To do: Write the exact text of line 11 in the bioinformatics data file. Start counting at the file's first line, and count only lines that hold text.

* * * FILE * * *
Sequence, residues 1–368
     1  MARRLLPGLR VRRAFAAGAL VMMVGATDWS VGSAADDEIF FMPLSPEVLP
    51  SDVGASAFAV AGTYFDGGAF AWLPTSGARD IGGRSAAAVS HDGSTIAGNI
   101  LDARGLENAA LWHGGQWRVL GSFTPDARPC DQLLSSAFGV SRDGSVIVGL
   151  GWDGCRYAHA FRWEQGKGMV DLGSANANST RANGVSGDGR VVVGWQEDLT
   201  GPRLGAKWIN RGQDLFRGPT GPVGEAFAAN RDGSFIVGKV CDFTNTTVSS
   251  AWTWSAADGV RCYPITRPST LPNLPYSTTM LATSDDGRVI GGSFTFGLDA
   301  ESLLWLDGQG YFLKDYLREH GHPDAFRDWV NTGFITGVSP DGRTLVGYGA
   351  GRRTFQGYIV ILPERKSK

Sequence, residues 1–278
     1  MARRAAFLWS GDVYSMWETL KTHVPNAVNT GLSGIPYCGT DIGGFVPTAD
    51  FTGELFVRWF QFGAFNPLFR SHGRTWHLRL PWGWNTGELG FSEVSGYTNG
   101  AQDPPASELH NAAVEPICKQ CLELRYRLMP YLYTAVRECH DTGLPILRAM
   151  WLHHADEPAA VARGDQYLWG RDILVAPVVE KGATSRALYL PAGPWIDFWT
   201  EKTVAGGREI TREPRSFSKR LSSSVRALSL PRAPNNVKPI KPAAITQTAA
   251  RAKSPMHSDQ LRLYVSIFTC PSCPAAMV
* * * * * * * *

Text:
     1  MARRAAFLWS GDVYSMWETL KTHVPNAVNT GLSGIPYCGT DIGGFVPTAD